Shortly before the rescue was due to start on Tuesday, Chilean President Sebastian Pinera teased journalists at a news conference that he was pretty sure the first one out would have the last name of Avalos.
There are actually three men with that name trapped below.
But Maria Silva said the president himself had told her it would be her son Florencio Avalos.
Avalos, 31, is married and has two children.
Avalos had been the second in command of the group before the collapse, assisting his friend Luis Urzua. But friends describe him as shy. After the men were found and cameras sent down, he often acted as cameraman, taking pictures of the other miners - a role that frustrated relatives who saw little of him in the videos.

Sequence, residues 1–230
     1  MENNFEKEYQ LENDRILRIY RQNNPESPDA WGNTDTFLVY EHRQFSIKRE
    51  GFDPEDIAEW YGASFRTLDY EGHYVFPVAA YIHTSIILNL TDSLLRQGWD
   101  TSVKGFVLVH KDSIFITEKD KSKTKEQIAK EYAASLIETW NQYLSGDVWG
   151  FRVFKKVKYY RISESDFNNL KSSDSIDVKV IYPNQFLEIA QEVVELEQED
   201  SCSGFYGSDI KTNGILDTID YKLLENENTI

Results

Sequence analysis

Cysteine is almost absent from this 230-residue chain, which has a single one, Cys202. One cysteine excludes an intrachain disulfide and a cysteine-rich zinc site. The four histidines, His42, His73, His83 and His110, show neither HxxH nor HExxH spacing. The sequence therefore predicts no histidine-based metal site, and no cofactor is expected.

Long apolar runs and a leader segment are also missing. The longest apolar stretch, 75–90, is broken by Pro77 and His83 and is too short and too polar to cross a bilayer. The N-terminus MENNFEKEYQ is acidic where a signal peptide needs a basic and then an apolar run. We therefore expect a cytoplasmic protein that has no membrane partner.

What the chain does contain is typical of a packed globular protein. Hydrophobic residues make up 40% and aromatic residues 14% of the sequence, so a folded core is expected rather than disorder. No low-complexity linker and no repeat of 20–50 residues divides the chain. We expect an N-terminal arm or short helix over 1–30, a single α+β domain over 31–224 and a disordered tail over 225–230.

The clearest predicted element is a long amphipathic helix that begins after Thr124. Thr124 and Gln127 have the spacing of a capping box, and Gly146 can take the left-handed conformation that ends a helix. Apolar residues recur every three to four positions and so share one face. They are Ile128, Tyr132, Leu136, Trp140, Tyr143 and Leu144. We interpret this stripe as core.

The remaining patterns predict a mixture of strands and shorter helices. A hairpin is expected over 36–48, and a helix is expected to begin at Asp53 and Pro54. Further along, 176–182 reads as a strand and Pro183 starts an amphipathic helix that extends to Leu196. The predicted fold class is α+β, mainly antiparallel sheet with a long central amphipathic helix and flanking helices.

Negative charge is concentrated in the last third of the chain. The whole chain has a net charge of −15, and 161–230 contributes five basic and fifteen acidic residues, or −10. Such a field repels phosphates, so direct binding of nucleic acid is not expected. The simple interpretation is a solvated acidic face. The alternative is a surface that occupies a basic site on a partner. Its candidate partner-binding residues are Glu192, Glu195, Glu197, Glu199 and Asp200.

"I am not surprised" that he was chosen, his mother Maria Silva said after word reached the family. "I am so proud of him."
Government sources revealed Tuesday that Avalos' rescue would be followed by that of miners Mario Sepulveda, 39, Juan Illanes, 51, and Carlos Mamani, a 23-year-old from Bolivia. The three men are considered the most skilled group, able to solve any problem during the rescue.
Then, the 10 who are weakest or suffer from hypertension, diabetes, dental and respiratory infections and skin lesions from the mine's oppressive humidity.
The last miner out, according the list, will be shift foreman Luiz Urzua, whose leadership was credited for the miners' survival during the 17 days when they were utterly closed off from the outside world.